“Sounds a bit crazy to me,” Eustace said, “But on the other hand, none of us are doing as well as we should be or could be. I say let’s try it, and see whether it’s worth carrying on with into autumn.”

There were noises of assent and dissent, but the vast majority eventually agreed that to try out the chairman’s ideas was not such a bad thing as they were all in a difficult financial spot.

“Let’s have a show of hands to see who’s for it and who’s against,” the chairman said to the anxious businessmen and women.

All hands were raised in a show of confidence and desperation. They were all in the same ruinous financial boat, and they all had to make sure it didn’t sink.

 

The news of the twenty-four hour opening and the fifty percent off most goods went down very well with the local population, who saw a way of being able to enjoy some of the little money they had. The bars and restaurants also felt better off, as it meant, or would mean, an end to empty seats and tables. The new measures affected everyone from the suppliers to the purchasers. Everyone was a winner.

 

“Uncle Kendall, what are you going to reduce in price?” Nelda asked her uncle.

“I’ll wait and watch whatever Eustace does, and then make a bigger reduction on the same goods. I’m going to beat him, even if I die in the attempt. Nelda, try and discover from Saul what Eustace is going to do, what his plans might be regarding discounts, anything he’s doing that is new. OK?”

“Yes, Uncle, of course,” Nelda said, without thinking for one minute that she would do just that. She was after Saul, and nothing else. Her uncle would have to get Anton to do his dirty work. Nelda was doing her own thing to get Saul trapped in her web, and nobody else formed part of it - only herself and Saul.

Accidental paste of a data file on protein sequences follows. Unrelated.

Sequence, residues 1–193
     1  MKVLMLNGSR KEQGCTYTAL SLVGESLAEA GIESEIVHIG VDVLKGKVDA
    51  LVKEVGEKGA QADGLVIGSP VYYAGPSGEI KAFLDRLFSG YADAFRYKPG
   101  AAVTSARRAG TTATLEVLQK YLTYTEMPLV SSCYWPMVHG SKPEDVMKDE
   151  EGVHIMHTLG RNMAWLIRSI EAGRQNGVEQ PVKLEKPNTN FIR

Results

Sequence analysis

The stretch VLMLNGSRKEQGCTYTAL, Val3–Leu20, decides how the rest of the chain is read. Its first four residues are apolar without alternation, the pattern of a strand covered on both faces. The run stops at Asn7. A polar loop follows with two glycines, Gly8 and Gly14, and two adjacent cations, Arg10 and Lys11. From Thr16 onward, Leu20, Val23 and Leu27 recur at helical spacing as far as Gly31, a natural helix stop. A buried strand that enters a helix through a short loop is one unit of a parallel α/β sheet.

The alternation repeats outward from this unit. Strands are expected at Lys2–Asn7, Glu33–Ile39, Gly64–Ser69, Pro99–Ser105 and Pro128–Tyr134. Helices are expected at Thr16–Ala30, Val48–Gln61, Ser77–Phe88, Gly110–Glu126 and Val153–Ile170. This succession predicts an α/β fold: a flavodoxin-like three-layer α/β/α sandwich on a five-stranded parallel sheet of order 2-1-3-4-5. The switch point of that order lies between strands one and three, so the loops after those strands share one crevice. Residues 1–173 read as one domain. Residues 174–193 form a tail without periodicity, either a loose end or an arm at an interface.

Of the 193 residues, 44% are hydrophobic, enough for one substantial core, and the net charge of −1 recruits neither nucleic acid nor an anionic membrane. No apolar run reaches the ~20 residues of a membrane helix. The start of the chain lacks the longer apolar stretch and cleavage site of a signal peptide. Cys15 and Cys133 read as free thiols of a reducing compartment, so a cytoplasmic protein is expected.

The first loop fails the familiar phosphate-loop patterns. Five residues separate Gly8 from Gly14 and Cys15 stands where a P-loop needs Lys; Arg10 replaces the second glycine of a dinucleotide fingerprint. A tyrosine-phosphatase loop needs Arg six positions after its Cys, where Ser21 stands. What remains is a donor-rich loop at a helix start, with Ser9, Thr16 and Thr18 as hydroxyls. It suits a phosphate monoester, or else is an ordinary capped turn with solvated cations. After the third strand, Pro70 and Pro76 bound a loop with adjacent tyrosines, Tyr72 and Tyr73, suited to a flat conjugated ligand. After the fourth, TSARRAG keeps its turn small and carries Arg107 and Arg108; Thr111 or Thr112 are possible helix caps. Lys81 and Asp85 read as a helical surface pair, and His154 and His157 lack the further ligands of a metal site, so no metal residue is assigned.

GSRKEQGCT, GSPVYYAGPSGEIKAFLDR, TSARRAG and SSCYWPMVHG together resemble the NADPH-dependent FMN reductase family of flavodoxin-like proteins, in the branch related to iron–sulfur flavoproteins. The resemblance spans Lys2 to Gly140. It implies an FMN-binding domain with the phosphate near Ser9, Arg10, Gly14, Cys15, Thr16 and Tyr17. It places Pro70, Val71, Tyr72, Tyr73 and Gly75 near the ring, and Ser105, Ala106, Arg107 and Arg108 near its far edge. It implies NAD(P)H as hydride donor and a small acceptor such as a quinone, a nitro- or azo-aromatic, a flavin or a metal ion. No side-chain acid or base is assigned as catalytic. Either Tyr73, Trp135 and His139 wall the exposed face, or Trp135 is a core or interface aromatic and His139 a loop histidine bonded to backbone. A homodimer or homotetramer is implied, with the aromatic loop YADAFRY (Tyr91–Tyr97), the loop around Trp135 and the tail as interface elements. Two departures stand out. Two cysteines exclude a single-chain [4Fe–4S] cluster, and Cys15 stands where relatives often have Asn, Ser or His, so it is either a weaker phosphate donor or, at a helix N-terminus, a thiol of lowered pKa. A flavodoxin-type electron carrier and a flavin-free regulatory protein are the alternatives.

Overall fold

In Eustace’s main shop, Saul and the window dressers were having a heated argument. It was about the decoration of the interior. Saul suggested that the shell should be taken down and to try something different. Eustace was adamant that the shell should stay in its normal place as it had been there for so long. Saul took no notice and said, “Uncle Eustace, that shell must come down. It’s nothing but a large piece of tacky decoration left over from a distant time that is no more.”

“You’d better not touch that shell!”

Saul, like all younger men and women, believed you had to move ahead and not dwell on the past, especially when money was getting scarcer and scarcer. Saul picked up a hammer and moved towards the shell. “You touch that shell and you’ll be hearing from me,” shouted Eustace. One of the window dressers, also armed with another hammer, went with Saul to the shell and the two readied themselves to bash against the shell. Then something they weren’t expecting happened, the shell moved to one side as if on rails and everyone saw that behind it there was a huge cupboard. Eustace said, “You might as well, all of you, go in. I can give you a detailed report of everything that is in there. The wrapped up presents are what I bought for Brenda when I was so in love with her, before she went and married Kendall. She never knew how it was with me. I was shy and not so good at chatting her up, whereas Kendall could chat up anything and anybody at any time. Saul, open the packets and, if you see anything of any value, try selling it. Some of the stuff must be worth something by now.”

“Are you angry we disturbed the shell?” Saul asked.